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June 29, 2018

It's a Dad's World, Too

Most programs for new parents don't focus on fathers at all. And that is a lost opportunity.

Programs to help new dads and dads-to-be make the transition to fatherhood are few and far between, and many that do exist could be better. Those are the conclusions of a new study that searched the literature for any studies conducted in the United States that evaluated a parent education program and also included a report on their effect on the father within one year of the birth of their child.

Of the 1,353 such articles they found, only 21 specifically included fathers. Say what you will, when it comes to educating new parents, it's still a mom's world.

Even with good parenting instincts, there are countless situations that crop up that new dads have no experience with. Parent education programs help new parents be better prepared for them. Women tend to be referred to these programs through their obstetrician's or pediatrician's offices. Men rarely have that advantage.

Say what you will, when it comes to educating new parents, it's still a mom's world.

While mothers have a very big role to play, especially in a newborn's first weeks, it's important to involve fathers in their children's lives as early as possible. The current study suggests that doctors, particularly pediatricians and obstetricians, can help in several ways — by welcoming fathers at doctor visits, educating them about the role they play in their children's early years and discussing the changes that they are likely to experience during pregnancy and after the child is born.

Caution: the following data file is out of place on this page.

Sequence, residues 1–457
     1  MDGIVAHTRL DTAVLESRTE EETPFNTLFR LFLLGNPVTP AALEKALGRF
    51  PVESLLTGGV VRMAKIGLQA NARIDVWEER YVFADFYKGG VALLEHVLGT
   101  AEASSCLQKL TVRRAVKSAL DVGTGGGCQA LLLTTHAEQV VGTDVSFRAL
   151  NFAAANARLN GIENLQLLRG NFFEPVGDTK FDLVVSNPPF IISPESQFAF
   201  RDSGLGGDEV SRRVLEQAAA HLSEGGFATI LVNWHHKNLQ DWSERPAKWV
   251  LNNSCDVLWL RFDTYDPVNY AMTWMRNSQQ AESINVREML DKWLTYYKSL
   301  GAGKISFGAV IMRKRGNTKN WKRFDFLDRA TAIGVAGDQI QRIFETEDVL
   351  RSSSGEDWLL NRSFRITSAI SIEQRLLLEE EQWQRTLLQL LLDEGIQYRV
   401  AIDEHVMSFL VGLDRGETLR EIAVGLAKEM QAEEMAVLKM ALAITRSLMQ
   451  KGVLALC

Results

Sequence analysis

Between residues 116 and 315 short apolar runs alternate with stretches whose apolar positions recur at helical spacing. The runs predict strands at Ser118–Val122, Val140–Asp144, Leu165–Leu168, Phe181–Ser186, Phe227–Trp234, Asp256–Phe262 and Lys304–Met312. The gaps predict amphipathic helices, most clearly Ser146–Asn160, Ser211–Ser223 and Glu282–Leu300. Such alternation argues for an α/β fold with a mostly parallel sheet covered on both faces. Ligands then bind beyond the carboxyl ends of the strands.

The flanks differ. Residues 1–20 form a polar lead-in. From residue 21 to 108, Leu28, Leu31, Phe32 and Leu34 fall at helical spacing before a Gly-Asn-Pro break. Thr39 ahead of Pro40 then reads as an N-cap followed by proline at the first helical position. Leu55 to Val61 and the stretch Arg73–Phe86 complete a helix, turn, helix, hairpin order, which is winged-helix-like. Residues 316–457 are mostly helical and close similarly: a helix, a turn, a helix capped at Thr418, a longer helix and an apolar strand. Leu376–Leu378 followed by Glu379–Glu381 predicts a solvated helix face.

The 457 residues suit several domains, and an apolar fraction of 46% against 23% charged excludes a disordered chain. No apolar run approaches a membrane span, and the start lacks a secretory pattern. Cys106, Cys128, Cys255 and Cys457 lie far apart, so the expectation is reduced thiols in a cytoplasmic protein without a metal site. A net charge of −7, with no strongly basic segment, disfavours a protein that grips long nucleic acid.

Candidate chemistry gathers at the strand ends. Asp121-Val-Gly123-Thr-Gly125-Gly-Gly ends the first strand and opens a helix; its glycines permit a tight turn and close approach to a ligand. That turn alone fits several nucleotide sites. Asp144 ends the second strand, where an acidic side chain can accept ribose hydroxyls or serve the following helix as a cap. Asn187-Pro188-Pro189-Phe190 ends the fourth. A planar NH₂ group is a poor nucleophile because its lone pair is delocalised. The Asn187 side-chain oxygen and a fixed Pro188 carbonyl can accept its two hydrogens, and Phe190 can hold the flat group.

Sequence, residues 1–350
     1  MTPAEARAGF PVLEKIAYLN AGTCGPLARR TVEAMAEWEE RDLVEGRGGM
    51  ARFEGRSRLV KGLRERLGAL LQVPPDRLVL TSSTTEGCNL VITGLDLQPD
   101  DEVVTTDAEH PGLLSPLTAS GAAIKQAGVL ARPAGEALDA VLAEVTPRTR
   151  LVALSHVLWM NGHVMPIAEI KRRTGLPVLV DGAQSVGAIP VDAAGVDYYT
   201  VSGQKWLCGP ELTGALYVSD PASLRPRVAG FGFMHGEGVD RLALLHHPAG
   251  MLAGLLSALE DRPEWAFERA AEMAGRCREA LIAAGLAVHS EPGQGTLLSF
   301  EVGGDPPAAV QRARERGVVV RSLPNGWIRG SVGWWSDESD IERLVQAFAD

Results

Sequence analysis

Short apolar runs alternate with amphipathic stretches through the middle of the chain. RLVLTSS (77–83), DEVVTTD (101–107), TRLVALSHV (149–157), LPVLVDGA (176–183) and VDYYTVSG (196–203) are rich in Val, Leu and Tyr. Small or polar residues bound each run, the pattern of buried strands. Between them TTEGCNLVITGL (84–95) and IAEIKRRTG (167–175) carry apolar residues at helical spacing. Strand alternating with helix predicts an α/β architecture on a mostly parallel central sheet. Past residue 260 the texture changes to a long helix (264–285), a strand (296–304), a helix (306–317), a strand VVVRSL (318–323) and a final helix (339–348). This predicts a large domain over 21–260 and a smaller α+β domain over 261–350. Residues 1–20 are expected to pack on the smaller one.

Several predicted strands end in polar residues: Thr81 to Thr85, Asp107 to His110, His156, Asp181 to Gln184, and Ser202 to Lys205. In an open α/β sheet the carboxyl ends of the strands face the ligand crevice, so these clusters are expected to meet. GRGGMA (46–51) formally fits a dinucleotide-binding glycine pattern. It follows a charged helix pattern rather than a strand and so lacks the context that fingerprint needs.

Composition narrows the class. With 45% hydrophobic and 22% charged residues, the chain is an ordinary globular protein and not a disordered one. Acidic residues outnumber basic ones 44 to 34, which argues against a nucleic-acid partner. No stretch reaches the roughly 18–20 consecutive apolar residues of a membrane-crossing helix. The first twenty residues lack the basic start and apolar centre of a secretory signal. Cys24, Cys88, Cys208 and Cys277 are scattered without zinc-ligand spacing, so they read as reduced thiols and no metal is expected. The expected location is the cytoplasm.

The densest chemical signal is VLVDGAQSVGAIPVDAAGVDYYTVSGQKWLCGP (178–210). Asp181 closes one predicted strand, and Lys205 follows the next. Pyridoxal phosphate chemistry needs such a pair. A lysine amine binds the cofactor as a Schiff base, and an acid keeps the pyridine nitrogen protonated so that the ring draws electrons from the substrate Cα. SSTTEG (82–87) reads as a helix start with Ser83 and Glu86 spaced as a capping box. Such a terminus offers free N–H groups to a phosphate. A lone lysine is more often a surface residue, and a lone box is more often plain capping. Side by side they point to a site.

While the study found little evidence that the majority of programs that do include dads are effective, that could simply be because they're so uncommon, as some of the father-inclusive programs were highly effective.

Dads aren't just surrogate moms. They bring their own unique parenting skills to the table, whether it's reading to their kids or playing music and rocking out with them.

One program, Fathers Supporting Success in Preschoolers, encourages fathers to do what they do best. It encourages dads to read with kids, rather than just to them. By setting out in a spirit of adventure and exploring the story together, dad can encourage the child to become the storyteller, following their child's lead whenever possible and transforming mere reading into something much more wonderful (and more educational).

Benjamin Spock helped calm lots of anxious new moms by reminding them that when it came to parenting, they knew a lot more than thought they did. Hopefully, that's just as true for dads. But it doesn't mean dads can't use a little more help.

An article on the study appears in Pediatrics.
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